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I have three treatments: control, treatment1, and treatment2. A total of four patients were examined after receiving each of these three treatments. The dependent variable is continuous. My dataset looks like this:

Patients   control  treatment1  treatment2
patient1    23.4    34.5         67.4
patient2    10.9    78.9         23.0
patient3    23.2    50.8        100.8
patient4    24.2    67.1         90.8

I first performed one-way ANOVA, and got a p-value of 0.45. Then, considering repeated measures data in my case (paired data for each patient), I was thinking that I should use repeated measures ANOVA, but I am having trouble in deciding which test to use for small-sample data.

I hope somebody could provide me not only with a good idea about this specific case, but also about important issues related to small-sample data analysis.

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    $\begingroup$ How can a single patient be in both a treatment and a control group? $\endgroup$ Dec 22 '16 at 15:44
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    $\begingroup$ @YuvalSp as long as it's reasonable to assume that measurement under one condition won't effect measurement on subsequent conditions, then it's completely reasonable to do a within-subjects condition manipulation. For example, measure participant's blood sugar on day 1 on an empty stomach (control), on day 2 30 minutes after a carb-heavy meal (treatment 1), and then on day 3 30 minutes after a protein-heavy meal (treatment 2). $\endgroup$ Dec 22 '16 at 17:45
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    $\begingroup$ It is actually a control group and both treatment groups. This is possible in a crossover design. I think it would help to know what the response is. I think it is clear that this sample size is too small to compare 2 treatments and a control. The crossover trial is very complicated. The patients may need to wait after one treatment so it won't confound the results with the next treatment. Also we would expect that there would be a fixed time after treatment for the response to be measured. $\endgroup$ Dec 22 '16 at 17:46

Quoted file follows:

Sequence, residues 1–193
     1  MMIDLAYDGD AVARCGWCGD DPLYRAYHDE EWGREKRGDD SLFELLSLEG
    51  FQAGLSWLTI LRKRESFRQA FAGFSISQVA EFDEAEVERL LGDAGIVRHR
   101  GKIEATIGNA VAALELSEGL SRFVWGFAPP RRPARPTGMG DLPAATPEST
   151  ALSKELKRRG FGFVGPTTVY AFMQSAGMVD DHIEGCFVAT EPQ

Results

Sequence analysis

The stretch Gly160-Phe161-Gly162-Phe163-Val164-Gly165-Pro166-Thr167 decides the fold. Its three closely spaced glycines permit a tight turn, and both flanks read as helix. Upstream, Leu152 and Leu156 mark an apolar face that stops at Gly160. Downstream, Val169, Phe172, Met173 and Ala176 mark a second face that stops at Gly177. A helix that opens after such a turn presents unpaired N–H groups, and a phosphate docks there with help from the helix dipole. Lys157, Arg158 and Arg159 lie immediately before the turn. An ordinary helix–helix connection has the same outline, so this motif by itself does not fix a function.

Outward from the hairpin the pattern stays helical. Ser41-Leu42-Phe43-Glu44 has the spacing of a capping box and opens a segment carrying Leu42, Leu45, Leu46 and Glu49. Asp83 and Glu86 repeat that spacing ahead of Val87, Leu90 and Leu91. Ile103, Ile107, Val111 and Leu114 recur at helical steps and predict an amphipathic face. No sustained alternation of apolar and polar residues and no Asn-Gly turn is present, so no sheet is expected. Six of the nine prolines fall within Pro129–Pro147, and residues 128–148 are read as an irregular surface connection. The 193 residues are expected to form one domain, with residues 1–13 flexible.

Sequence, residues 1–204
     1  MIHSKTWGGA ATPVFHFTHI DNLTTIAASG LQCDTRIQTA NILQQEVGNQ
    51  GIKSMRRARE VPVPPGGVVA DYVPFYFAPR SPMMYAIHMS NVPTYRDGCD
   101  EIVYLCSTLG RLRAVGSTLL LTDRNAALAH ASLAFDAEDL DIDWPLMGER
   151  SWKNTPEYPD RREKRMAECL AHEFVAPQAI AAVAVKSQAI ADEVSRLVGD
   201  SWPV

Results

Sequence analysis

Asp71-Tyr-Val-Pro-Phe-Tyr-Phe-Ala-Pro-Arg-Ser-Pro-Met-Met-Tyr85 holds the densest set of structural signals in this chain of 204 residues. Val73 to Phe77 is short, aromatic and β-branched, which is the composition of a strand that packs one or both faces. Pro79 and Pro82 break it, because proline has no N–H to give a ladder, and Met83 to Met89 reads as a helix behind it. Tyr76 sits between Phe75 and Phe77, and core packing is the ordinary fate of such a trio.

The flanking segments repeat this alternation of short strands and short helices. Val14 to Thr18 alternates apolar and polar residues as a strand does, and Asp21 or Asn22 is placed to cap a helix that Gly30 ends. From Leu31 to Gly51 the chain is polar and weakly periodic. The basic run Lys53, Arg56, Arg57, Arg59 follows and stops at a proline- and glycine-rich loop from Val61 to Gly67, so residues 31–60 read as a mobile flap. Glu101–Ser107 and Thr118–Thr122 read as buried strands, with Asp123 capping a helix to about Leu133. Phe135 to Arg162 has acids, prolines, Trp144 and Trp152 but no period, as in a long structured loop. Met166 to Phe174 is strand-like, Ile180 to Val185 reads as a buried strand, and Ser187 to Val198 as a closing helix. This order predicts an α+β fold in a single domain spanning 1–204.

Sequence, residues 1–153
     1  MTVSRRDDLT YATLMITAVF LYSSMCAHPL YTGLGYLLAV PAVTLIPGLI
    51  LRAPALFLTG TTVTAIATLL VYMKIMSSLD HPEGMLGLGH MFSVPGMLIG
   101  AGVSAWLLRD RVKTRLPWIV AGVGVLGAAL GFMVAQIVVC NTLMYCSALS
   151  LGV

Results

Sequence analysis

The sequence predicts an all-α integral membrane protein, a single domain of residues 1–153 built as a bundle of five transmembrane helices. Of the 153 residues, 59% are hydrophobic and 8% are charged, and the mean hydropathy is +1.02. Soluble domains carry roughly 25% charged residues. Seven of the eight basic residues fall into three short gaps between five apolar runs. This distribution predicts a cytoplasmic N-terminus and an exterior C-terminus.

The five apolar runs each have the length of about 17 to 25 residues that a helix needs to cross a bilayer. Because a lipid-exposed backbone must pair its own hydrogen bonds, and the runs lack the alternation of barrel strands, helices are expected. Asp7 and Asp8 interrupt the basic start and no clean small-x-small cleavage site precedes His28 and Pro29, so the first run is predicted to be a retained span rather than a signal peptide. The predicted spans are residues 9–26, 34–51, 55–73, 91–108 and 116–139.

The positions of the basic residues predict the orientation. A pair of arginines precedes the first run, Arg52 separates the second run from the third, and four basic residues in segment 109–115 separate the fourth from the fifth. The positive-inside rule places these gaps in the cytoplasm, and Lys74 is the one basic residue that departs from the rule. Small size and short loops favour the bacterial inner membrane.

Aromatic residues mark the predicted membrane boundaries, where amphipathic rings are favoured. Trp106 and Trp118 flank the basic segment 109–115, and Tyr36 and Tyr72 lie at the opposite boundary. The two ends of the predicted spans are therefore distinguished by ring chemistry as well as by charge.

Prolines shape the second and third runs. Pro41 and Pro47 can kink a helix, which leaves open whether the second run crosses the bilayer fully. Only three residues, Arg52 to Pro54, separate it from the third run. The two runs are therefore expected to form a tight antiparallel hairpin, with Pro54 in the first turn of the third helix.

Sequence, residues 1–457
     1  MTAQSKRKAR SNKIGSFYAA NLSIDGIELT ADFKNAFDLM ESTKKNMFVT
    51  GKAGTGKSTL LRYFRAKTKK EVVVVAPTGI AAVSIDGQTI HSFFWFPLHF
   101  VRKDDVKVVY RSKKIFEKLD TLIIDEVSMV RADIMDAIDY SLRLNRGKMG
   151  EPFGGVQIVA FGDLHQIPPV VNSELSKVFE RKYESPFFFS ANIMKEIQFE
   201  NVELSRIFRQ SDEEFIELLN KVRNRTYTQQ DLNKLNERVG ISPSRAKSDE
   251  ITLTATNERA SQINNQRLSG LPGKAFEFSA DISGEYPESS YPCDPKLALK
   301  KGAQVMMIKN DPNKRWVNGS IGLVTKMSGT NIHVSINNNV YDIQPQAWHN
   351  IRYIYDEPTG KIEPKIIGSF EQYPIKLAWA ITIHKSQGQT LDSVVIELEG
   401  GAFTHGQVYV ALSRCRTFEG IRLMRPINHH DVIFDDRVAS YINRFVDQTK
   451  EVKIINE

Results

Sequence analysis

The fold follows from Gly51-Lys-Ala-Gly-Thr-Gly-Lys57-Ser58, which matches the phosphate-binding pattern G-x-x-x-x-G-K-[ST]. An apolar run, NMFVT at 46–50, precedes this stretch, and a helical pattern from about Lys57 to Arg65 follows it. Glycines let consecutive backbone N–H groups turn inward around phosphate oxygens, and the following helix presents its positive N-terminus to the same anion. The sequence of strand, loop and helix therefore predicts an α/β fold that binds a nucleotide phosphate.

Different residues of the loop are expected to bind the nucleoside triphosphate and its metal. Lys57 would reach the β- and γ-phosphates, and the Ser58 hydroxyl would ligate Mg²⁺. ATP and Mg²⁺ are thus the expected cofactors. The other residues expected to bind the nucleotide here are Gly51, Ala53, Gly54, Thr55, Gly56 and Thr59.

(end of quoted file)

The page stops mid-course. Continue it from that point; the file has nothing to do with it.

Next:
• $\begingroup$ @MichaelChernick Normally how you analyze the data from crossover trial similar to my case? Can we just perform repeated measurement analysis to such data? But still the very small sample size is big headache. $\endgroup$
    – juanli
    Apr 6 '17 at 17:54
  • $\begingroup$ @Amy Have you already collected the data? If so the cross-over design is out of play. $\endgroup$ Apr 6 '17 at 18:06
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The Kruskall Wallis test is the most appropriate for analyzing sample sizes not large enough to assume normality. It is a non-parametric substitute for the ANOVA.

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    $\begingroup$ I am afraid this is not appropriate for the design here which has repeated measures whereas the K-W is for independent samples. $\endgroup$
    – mdewey
    Oct 1 '18 at 12:57

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